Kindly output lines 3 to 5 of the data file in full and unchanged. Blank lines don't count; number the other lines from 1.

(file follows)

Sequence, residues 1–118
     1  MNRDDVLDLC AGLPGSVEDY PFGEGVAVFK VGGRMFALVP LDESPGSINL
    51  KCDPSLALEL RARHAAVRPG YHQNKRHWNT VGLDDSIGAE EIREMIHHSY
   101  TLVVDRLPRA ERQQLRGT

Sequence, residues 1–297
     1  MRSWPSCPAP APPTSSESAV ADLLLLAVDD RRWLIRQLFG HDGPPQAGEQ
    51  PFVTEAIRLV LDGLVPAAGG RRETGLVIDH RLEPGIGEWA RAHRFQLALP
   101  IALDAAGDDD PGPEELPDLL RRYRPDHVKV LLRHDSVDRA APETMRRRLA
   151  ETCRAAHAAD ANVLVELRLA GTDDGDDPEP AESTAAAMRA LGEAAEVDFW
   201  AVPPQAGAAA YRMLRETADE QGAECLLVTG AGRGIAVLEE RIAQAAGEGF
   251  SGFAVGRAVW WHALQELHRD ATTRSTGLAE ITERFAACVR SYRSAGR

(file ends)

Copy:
    51  KCDPSLALEL RARHAAVRPG YHQNKRHWNT VGLDDSIGAE EIREMIHHSY
   101  TLVVDRLPRA ERQQLRGT

Sequence, residues 1–297